Think augmented and virtual reality headsets are just for games? NASA astronaut Scott Kelly thinks otherwise after spending some quality time with Microsoft’s HoloLens aboard the International Space Station during his recent 340-day mission. At a press conference yesterday, the astronaut said: “It worked great. I was really surprised. We messed around with it for, like, two hours, and immediately, I sensed — this is a capability we could use right now.”
Unlike virtual reality headsets, such as the Oculus Rift, Microsoft’s HoloLens overlays images onto the actual environment around you. It accomplishes this by projecting light directly onto the eyeball, literally augmenting your vision.
“It worked great,” he said today during a news briefing at NASA’s Johnson Space Center in Texas. “I was really surprised. We messed around with it for about two hours, and immediately I sensed this is a capability we could use right now.”
Microsoft and NASA sent the HoloLens devices up to the ISS to see if it would work as part of Project Sidekick to assist astronauts:
“For example, ground controllers could monitor Kelly’s HoloLens view during a maintenance procedure. “I could say, ‘Hey, is this the bolt or connector you’re talking about?’ And the person [at Mission Control] could just write an arrow in your field of view,” Kelly said.”
It wasn’t all work, however. Kelly got to play RoboRaid, one of Microsoft’s HoloLens games:
“”It has alien spaceships coming inside the space station, and there’s these aliens attacking you,” Kelly said of the game. “You’ve got to shoot them with your finger. … It was kinda fun.”
— ISS Research (@ISS_Research) March 4, 2016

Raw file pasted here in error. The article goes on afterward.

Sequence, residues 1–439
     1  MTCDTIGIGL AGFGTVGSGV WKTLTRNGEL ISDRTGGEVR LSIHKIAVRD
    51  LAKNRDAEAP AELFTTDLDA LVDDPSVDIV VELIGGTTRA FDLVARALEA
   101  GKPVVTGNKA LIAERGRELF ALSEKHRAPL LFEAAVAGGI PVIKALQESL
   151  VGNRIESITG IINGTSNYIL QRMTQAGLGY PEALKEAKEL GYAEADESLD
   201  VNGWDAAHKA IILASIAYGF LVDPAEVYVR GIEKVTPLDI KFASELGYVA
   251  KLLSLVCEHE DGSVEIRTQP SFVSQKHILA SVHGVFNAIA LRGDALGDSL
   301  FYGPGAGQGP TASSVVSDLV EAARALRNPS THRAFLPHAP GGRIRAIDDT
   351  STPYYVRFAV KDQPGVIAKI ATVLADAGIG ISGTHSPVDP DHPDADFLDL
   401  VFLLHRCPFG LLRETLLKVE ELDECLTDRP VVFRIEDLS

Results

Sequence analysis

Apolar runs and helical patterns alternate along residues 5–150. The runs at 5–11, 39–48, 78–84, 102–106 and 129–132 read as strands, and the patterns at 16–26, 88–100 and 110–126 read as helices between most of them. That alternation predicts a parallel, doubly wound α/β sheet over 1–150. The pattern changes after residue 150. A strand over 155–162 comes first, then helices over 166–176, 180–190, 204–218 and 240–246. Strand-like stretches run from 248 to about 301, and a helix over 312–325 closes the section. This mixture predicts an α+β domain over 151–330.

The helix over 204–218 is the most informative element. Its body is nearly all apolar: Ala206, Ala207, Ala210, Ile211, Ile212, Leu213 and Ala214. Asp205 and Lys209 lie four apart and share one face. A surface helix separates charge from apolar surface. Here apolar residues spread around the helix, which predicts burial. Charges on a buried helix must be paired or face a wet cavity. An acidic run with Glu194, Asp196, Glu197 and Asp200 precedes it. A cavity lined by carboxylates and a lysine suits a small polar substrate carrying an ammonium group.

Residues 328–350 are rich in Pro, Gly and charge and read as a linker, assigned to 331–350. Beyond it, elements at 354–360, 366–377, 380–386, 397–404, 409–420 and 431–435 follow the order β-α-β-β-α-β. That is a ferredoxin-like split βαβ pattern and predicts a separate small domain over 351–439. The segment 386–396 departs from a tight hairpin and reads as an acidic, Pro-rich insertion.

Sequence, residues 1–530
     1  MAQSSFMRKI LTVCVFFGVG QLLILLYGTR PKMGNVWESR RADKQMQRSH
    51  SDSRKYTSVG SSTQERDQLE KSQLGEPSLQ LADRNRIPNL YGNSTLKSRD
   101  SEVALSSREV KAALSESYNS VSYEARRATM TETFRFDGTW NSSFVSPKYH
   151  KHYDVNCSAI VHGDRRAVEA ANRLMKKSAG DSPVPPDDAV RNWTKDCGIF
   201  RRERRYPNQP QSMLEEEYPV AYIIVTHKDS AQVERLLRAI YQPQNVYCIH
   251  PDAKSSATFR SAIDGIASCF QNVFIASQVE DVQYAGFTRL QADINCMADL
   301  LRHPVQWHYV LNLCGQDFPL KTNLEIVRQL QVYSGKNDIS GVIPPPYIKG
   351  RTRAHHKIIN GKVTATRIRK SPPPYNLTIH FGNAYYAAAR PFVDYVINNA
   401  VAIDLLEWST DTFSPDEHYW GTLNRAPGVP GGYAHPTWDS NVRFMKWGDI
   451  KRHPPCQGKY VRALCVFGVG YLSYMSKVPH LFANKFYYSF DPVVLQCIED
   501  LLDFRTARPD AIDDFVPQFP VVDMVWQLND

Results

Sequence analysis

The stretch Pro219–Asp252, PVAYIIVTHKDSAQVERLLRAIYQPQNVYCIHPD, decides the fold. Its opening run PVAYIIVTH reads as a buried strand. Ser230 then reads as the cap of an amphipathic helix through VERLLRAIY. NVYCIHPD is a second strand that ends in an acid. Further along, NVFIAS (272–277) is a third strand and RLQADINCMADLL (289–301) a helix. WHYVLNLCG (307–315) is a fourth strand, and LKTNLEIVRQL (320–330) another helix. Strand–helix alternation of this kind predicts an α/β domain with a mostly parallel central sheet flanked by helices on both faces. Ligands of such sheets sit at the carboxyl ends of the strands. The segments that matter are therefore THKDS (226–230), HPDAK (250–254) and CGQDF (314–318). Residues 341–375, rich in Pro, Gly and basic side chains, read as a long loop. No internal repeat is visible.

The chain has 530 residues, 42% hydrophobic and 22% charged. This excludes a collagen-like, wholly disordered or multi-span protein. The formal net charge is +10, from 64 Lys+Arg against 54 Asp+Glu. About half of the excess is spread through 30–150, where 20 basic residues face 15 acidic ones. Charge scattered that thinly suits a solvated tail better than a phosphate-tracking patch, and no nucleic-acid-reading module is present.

As Kelly explained, that meant that a “person on the ground could be drawing things in your field of view, and pointing to things, and I could be doing the same thing.” For instance, he added, “I could say, ‘Hey, is this the bolt or connector you’re talking about?’ And [Mission Control] can just write an arrow in your field of view.” Another feature Kelly found useful was the ability to keep track of tasks with a list off to the side of his vision.
Since it’s so difficult to control your body and keep objects from flying around in the micro-gravity of space, it isn’t hard to imagine how something that makes information easily available could be useful aboard the space station.
Of course, that doesn’t mean Kelly and his fellow crew members didn’t play any games with the HoloLens. He tried a game — probably RoboRaid — where you have to fight off incoming swarms of invading aliens by shooting them with your finger. We saw the game at E3, but it’s probably a bit more surreal when you’re actually in space. Kelly said, with a grin, that it was “kinda fun.” The best part, though? This footage (above) of him and fellow astronauts playing the HoloLens game while floating in space. The future is here.
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